I do this terrible thing where all of the screenshots I take on my computer just go straight to my desktop. As consequence, it constantly looks like a small tornado recently swept through my all my files. (Fun fact: the first—and as far as I remember, only—time I’ve been heckled during a presentation was when somebody caught a glimpse of my desktop and shouted: “You need more screenshots there, bro?”)
As I was cleaning my desktop this morning, it occurred to me how funny of a thing this collection of screenshots is. It’s like a mini time capsule dating back to when I got this computer, and I took the moment to relive some memories. Like the time my bot in an AI competition was about to go in for the kill only to shoot itself in the foot (I was o, playing x). Or how I noticed Facebook taking Graph Search visuals through a silly amount of iterations.
I’ve traveled through time, been abandoned by all friends, was immature once in a while. I miss Piki, and apparently I also missed trivia and whatever thing these tickets were for. I helped plan our trip through Europe and then got gouged on another trip. More recently, I tried my hand looking for MH370, took a nice vacation, and had a hard time trying to find my office in San Francisco.
Screenshots are not a sole endeavor; screenshots always have an audience of at least two. I took these all at some point to share with somebody or bodies, but hopefully widening the audience on here has been entertaining to you as well, taking a glimpse into my recent past.
Somebody should build a Timehop for screenshots.
No, that picture doesn’t do TechCrunch Disrupt’s hackathon this weekend justice. With presentations and awards lasting nearly 4 hours, an incredible 183 projects submitted to HackerLeague, and over 500 people packed into a grand ballroom in Manhattan huddled over laptops, it’s by far the biggest hackathon I’ve ever been to. So many props and thanks need to be given to Leslie at TechCrunch for organizing and emceeing such an event. A few notes and highlights of my favorite hacks below.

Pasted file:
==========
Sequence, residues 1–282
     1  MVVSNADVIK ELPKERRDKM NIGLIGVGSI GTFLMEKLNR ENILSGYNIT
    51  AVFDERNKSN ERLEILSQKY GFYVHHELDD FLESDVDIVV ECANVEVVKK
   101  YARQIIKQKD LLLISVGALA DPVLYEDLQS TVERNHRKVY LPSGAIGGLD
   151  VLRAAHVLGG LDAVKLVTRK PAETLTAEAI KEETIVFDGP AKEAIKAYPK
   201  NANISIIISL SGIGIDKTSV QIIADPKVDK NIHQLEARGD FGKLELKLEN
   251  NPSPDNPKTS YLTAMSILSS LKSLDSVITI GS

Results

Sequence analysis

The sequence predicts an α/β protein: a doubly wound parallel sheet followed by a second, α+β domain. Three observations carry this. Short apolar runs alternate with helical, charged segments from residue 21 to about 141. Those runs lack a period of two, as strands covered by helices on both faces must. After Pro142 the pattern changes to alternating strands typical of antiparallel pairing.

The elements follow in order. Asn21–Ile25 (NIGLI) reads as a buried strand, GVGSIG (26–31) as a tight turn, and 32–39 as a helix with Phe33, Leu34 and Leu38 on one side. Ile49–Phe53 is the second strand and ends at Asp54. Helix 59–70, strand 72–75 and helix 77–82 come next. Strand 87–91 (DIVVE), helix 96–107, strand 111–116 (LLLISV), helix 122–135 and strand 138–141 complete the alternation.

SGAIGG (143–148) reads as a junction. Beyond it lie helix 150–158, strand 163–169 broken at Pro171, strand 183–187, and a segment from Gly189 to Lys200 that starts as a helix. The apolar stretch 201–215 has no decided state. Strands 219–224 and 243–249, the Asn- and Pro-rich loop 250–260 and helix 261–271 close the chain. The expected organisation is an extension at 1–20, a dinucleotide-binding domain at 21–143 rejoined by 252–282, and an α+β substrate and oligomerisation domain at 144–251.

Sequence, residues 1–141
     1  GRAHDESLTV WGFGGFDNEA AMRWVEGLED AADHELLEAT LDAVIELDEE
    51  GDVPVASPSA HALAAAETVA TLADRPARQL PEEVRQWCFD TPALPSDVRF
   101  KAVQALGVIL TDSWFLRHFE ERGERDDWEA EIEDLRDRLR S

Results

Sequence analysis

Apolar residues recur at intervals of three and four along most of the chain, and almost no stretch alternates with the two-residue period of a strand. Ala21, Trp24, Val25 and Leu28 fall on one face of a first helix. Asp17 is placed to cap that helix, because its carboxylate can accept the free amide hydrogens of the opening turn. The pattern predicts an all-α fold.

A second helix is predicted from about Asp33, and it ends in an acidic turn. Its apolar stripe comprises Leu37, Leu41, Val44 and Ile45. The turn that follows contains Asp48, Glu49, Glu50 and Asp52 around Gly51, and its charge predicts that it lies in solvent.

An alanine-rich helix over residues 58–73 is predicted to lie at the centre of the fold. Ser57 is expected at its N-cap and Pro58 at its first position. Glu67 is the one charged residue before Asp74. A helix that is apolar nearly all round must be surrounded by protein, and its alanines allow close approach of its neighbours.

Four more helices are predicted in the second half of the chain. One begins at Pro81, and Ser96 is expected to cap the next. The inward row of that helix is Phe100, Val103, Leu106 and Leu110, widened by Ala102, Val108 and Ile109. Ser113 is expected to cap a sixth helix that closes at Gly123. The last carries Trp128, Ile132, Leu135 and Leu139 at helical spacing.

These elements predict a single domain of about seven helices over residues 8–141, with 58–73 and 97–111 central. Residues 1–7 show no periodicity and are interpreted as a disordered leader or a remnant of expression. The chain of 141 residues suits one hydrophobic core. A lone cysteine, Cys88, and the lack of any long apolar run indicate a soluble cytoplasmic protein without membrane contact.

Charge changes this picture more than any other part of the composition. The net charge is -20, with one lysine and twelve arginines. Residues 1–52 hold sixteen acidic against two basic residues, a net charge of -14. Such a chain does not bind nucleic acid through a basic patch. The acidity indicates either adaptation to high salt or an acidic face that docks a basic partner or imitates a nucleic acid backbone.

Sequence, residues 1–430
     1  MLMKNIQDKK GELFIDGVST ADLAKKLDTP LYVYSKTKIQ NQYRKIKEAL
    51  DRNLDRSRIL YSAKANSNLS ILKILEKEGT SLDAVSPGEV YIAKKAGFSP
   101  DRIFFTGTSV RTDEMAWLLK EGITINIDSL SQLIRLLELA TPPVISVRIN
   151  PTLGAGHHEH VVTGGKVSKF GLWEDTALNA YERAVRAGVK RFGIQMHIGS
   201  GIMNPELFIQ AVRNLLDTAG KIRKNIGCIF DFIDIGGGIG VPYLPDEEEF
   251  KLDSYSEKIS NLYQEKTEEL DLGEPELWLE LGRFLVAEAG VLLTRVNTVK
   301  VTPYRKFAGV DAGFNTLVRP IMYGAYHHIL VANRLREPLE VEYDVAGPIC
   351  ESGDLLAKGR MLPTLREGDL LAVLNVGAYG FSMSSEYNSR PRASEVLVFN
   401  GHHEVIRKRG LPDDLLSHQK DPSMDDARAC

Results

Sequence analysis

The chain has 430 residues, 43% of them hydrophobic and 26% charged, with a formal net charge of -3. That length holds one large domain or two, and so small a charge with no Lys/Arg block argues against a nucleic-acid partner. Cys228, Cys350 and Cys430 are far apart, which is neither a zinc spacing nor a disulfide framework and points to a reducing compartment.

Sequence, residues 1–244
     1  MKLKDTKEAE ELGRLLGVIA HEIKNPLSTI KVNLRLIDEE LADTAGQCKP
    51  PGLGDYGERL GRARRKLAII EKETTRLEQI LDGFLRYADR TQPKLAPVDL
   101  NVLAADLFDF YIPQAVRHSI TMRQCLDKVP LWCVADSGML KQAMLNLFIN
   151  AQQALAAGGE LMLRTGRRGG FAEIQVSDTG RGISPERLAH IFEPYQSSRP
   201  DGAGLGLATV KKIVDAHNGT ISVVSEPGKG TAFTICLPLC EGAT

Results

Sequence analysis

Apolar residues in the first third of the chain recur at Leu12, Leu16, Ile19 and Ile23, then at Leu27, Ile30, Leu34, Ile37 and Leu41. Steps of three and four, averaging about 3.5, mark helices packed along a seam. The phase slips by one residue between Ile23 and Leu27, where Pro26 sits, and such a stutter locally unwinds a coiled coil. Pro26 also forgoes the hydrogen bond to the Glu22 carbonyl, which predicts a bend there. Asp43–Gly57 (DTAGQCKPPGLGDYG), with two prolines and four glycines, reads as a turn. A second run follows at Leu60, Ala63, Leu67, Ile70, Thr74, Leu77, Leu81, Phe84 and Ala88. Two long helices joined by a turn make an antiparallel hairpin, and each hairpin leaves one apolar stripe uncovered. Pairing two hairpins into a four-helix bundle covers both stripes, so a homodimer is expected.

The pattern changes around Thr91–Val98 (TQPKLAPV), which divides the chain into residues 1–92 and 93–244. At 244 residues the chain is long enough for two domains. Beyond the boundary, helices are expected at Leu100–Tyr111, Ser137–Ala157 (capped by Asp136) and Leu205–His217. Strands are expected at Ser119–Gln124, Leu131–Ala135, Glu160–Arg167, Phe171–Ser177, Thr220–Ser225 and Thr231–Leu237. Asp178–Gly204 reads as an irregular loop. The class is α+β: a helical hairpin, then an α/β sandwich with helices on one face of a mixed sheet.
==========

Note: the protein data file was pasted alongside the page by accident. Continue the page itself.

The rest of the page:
Since I started as Foursquare’s Developer Advocate a few months ago, I’ve attended a decent handful of events giving API presentations and support, but this weekend was my biggest event yet. Still gotta work on my live coding skills, but if you want to see the little hack I threw together (do you need a haircut? the Foursquare API can tell you!), it’s up on GitHub.
Working through the night with some teams on API issues was surprisingly fun and was engaging enough to keep me awake (fine, the free pizza+beer they started serving didn’t hurt) (even though it was Coors). I thought I had been in touch with most teams there by the time I left around 3am (after tacos!), but I was amazed to find out that in a sea of sponsors that offered prizes (we didn’t) still a total of 17 apps used our API.
While we didn’t sponsor a prize, we did offer up some balls to the lucky 60 hackers or so that nabbed them up. You can say they were a hit (skip to 4:17 for the good stuff) (and the pun).
What do you think we should give away at future events? More balls? Or back to shirts?
Below are some of my favorite projects for various reasons, either for using the Foursquare API or just being a badass hack. Kudos to all the teams that went and presented though. At first I was skeptical that just having a hack and presenting on stage got you two free Disrupt conference tickets… but I now see they’re totally deserved.
Obviously gotta give props to the first-place winning team. Rambler visualizes your credit card transactions over time on a map and incorporates the Foursquare API. Built by the fine folks at Plaid. Best of luck on the big stage, gents!